Bayesian correlated clustering of integrated multiple datasets

Kirk, Paul and Griffin, Jim E. and Savage, Richard S. and Ghahramani, Zoubin and Wild, David L. (2012) Bayesian correlated clustering of integrated multiple datasets. Bioinformatics, 28 (24). pp. 3290-3297. ISSN 1367-4803. (doi:https://doi.org/10.1093/bioinformatics/bts595) (The full text of this publication is not currently available from this repository. You may be able to access a copy if URLs are provided)

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Abstract

Motivation: The integration of multiple datasets remains a key challenge in systems biology and genomic medicine. Modern high-throughput technologies generate a broad array of different data types, providing distinct—but often complementary—information. We present a Bayesian method for the unsupervised integrative modelling of multiple datasets, which we refer to as MDI (Multiple Dataset Integration). MDI can integrate information from a wide range of different datasets and data types simultaneously (including the ability to model time series data explicitly using Gaussian processes). Each dataset is modelled using a Dirichlet-multinomial allocation (DMA) mixture model, with dependencies between these models captured through parameters that describe the agreement among the datasets. Results: Using a set of six artificially constructed time series datasets, we show that MDI is able to integrate a significant number of datasets simultaneously, and that it successfully captures the underlying structural similarity between the datasets. We also analyse a variety of real Saccharomyces cerevisiae datasets. In the two-dataset case, we show that MDI’s performance is comparable with the present state-of-the-art. We then move beyond the capabilities of current approaches and integrate gene expression, chromatin immunoprecipitation–chip and protein–protein interaction data, to identify a set of protein complexes for which genes are co-regulated during the cell cycle. Comparisons to other unsupervised data integration techniques—as well as to non-integrative approaches—demonstrate that MDI is competitive, while also providing information that would be difficult or impossible to extract using other methods.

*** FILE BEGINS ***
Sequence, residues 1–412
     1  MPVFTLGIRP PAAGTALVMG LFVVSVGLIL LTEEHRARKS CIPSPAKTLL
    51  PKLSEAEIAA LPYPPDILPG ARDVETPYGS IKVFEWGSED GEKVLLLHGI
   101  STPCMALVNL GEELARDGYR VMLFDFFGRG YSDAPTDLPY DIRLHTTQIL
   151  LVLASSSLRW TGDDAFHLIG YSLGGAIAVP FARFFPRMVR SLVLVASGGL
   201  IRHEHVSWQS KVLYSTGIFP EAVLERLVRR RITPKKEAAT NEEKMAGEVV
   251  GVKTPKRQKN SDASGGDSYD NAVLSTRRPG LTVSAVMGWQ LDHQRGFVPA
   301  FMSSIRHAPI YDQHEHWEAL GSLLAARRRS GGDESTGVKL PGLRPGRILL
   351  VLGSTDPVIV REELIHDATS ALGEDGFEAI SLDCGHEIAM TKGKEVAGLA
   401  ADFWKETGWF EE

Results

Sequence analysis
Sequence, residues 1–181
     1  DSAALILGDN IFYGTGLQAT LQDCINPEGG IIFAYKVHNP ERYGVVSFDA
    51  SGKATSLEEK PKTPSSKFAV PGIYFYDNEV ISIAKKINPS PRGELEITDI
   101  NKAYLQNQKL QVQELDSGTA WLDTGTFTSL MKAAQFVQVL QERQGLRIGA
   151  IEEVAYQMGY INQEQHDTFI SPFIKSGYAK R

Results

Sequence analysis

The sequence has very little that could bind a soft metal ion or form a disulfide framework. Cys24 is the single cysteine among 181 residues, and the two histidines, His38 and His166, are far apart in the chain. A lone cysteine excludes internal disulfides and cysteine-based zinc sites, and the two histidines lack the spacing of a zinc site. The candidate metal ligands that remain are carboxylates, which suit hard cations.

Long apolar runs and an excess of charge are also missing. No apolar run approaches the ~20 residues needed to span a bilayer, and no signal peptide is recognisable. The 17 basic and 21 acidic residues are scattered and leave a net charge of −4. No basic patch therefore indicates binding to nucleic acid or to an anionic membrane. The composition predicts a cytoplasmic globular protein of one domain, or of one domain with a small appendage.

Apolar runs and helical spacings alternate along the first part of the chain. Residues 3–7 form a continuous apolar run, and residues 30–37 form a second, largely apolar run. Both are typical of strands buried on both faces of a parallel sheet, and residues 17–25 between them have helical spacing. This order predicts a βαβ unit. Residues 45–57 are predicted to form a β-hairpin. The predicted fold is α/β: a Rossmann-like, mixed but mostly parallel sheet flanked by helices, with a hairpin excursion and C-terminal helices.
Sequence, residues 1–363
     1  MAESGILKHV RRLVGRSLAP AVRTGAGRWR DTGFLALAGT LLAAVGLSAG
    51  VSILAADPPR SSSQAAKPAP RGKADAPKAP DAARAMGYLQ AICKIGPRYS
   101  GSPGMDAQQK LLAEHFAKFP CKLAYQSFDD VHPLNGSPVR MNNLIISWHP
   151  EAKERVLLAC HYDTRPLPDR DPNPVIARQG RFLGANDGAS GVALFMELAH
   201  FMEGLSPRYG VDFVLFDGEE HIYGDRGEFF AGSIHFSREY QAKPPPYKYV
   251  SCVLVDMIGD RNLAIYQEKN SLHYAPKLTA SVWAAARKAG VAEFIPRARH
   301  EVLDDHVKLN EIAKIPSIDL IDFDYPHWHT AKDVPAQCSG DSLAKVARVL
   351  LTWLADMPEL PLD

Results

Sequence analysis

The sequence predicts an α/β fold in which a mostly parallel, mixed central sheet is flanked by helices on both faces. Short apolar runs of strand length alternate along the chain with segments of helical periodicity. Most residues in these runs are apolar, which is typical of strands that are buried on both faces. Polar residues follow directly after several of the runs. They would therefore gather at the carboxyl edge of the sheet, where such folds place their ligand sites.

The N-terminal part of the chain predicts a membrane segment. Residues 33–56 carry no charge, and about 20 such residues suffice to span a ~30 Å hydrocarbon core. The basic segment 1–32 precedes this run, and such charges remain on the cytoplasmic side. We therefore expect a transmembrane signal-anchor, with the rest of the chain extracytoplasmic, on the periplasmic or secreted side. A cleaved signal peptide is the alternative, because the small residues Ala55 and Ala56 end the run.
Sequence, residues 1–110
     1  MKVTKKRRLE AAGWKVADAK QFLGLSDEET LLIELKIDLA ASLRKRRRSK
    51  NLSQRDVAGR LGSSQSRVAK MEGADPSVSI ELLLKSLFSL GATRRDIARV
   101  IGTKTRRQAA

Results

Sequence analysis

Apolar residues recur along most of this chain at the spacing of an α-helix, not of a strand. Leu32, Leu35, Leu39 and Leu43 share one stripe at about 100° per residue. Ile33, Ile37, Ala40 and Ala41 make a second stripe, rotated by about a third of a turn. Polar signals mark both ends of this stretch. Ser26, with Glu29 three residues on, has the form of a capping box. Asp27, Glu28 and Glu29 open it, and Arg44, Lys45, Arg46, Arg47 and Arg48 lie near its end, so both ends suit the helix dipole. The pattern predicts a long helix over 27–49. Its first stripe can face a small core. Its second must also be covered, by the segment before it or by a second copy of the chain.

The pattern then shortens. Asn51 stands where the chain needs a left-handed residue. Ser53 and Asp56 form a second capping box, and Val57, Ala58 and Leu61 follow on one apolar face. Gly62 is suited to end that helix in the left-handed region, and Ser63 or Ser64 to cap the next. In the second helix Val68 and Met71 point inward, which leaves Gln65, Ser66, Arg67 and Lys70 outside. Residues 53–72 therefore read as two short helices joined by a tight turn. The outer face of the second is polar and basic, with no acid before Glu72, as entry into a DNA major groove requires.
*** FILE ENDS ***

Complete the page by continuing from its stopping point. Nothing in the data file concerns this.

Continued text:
Item Type: Article
Subjects: Q Science > QA Mathematics (inc Computing science) > QA276 Mathematical statistics
Divisions: Faculties > Sciences > School of Mathematics Statistics and Actuarial Science > Statistics
Depositing User: Jim Griffin
Date Deposited: 29 May 2014 15:26 UTC
Last Modified: 17 Jul 2014 13:03 UTC
Resource URI: https://kar.kent.ac.uk/id/eprint/41218 (The current URI for this page, for reference purposes)
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